There are alternatives - but they really do not compare. Check us out!

There are almost 4,000 professionals from over 30 countries currently undertaking IACCM training and certification programs. New cohorts are starting soon; or you can undertake training as part of a corporate team. Find out more by contacting Jim Bergman (jbergman@iaccm.com) or Paul Mallory (pmallory@iaccm.com).

Make sure that you are at the leading-edge of today's professionals - train for the future, YOUR future!


 

IACCM Conference: Balancing Risk … and Finding Rewards

 
Justin Fogarty, Managing Editor of Supply Excellence, highlighted the conference theme - risk management. In this article, he explains that risks are not always what they seem to be and describes a number of the opening presentations.
 
 

I am attending the IACCM Americas conference in Orlando today and tomorrow. So far, each speaker and roundtable discussion has focused in one way or another on a common theme - risk. What are the risks in today’s economic climate? How do you uncover them (think preventive medicine rather than an autopsy)? And what process changes and tools will help?

The interesting thing that we’ve heard from procurement execs and legal professionals today is a warning against going too far to reduce risk. At first, this concept sounded somewhat counter-intuitive to a room full of people doing everything in their power to alleviate risks to their business. But the point is, every action a company takes to reduce risk has consequences. In fact, sometimes those consequences actually increase risk in another area.

For example, in the opening keynote address, Bob Endres talked about balancing the risks between the buyer and supplier in a relationship. Although their risks are often very different, recognizing your counterparty’s risk and collaborating to minimize the risks that are most important to each of you can be a win-win. Bob cited a case where a buyer and supplier each compromised to achieve their primary risk reduction objectives (price containment for the buyer and flexibility in raw materials used in production for the supplier). The agreement left each party with MORE potential exposure to risk in some areas. But by choosing their battles, rather than beating each other up in negotiations over risks that didn’t really pose major threats, each was able to reach their most pressing goals.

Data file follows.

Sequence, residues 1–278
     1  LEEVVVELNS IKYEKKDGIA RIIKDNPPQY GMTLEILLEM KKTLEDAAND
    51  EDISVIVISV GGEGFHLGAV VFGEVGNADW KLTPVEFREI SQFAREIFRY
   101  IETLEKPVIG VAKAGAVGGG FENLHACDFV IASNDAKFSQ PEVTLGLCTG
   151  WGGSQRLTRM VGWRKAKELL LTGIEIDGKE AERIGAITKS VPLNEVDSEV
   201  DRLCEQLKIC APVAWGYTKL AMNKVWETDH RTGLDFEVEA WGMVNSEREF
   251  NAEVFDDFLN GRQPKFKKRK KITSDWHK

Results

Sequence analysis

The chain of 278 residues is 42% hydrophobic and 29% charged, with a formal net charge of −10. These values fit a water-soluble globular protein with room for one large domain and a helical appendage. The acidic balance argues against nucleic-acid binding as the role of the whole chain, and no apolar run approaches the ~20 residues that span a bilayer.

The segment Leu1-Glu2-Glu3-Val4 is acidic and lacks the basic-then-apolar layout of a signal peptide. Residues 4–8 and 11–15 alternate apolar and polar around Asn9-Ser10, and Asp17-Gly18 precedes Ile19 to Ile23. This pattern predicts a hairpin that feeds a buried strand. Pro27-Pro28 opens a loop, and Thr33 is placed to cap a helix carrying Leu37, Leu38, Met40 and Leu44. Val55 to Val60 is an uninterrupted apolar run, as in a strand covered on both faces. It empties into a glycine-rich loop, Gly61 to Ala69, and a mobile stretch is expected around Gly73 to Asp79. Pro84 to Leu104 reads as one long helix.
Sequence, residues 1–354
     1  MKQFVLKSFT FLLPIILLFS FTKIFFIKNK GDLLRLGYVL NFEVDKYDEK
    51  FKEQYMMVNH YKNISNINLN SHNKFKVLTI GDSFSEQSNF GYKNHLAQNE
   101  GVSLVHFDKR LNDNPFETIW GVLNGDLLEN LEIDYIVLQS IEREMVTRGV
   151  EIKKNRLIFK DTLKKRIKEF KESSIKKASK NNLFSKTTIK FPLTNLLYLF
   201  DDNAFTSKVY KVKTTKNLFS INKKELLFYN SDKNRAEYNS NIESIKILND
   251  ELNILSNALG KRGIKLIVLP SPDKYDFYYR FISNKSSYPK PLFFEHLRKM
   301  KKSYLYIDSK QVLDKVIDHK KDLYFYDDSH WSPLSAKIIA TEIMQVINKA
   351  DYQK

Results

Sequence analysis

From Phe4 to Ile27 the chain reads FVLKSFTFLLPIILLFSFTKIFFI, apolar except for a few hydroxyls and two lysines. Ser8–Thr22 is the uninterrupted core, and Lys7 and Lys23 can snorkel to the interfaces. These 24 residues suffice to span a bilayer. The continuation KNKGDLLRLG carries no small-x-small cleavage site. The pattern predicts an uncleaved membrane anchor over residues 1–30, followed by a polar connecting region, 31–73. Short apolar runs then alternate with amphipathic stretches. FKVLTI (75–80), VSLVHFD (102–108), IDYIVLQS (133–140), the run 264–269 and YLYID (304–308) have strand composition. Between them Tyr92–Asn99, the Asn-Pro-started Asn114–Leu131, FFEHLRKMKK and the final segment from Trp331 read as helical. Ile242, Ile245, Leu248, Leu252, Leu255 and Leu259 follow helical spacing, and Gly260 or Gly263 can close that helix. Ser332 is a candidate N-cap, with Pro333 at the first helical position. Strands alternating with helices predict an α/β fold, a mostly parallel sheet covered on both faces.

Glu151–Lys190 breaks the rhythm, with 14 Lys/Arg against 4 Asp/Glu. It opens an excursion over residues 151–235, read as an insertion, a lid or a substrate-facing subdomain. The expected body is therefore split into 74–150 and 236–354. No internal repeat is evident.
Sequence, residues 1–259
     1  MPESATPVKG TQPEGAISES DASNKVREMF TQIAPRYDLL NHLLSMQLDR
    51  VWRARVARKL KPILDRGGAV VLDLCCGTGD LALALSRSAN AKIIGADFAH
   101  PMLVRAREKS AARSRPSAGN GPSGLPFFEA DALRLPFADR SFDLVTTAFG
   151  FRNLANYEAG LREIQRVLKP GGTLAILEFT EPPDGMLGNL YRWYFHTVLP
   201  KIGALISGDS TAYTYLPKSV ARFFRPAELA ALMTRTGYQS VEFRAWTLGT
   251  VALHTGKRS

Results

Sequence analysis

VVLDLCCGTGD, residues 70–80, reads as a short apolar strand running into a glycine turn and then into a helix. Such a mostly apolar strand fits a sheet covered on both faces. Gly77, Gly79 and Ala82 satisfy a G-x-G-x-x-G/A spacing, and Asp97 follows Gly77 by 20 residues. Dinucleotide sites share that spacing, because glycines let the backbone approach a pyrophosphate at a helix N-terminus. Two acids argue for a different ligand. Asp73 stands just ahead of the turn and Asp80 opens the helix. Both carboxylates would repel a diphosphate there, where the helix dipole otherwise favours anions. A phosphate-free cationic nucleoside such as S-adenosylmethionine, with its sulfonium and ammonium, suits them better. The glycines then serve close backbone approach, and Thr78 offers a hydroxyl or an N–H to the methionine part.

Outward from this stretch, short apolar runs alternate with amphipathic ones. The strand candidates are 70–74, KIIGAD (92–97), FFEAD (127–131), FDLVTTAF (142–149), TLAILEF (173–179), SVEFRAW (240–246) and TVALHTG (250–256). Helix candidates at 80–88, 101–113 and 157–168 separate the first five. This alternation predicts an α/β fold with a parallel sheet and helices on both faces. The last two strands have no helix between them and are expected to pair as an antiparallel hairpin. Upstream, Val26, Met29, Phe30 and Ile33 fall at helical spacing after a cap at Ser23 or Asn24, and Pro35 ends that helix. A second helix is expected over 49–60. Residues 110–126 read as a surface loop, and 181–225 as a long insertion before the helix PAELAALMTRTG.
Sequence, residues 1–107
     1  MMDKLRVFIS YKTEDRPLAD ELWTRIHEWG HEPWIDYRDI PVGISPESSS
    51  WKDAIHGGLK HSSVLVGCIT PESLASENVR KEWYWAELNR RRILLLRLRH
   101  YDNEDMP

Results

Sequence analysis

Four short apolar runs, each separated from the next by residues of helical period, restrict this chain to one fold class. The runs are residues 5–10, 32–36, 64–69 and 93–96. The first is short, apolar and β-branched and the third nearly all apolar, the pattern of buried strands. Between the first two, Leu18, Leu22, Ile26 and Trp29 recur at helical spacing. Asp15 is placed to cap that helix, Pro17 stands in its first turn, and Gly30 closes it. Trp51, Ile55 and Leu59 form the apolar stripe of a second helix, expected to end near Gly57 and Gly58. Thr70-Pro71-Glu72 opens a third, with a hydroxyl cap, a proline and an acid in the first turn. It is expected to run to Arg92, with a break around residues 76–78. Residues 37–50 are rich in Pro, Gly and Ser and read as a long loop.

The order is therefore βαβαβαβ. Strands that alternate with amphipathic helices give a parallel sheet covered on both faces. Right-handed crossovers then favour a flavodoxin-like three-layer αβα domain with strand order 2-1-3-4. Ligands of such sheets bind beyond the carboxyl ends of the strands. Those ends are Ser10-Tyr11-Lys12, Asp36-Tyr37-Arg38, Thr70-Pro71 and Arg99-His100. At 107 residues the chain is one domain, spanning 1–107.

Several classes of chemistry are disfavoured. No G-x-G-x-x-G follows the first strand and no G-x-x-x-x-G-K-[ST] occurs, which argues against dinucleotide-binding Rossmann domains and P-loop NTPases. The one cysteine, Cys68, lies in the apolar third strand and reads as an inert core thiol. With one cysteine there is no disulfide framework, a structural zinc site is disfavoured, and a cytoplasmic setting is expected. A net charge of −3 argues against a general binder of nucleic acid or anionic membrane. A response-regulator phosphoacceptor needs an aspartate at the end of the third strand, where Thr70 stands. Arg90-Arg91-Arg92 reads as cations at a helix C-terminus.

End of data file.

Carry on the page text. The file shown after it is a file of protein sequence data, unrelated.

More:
Another example of pushing too far on risk avoidance came from Jason Anderman’s presentation on legal spend. As a lawyer and former inhouse counsel working on procurement contracts, Jason saw first hand that many overly protective contracts actually cost the company a great deal of time and money for negotiations, while focusing on exactly the wrong kind of risks - indemnity protection rather than price controls. In other words, the opportunity costs for fighting  against phantom risks was actually a risk to the company’s bottom line.

 
 

Dispatch One: Tracking the News and Happenings From IACCM Americas 2009

 
In his first-ever blog, Upside Software CEO Ashif Mawji guest wrote on 'Spend Matters' and summarizes his key take-aways from Day One of the conference.
 
 

The annual IACCM (International Association of Contract and Commercial Management) Americas 2009 conference kicked off yesterday in sunny Orlando at the scenic Omni ChampionsGate resort. The outside temperature was a balmy 85 degrees, but the action and interest in the conference was even hotter. To my surprise (being Canadian in the US and especially Florida, hockey was mentioned in the opening keynote), IACCM Chairman Tim McCarthy opened up the conference with a reference to the current NHL playoffs and the strive for The Stanley Cup holy grail. He went through the challenges the players and the teams go through to have their names inscribed on this eternal cup and correlated that to what businesses and practitioners need to do in today's turbulent climate. The central theme of the conference "Managing Commitments in Turbulent Times" couldn't be timelier, with presenters centering around risk mitigation and management while focusing on the long term.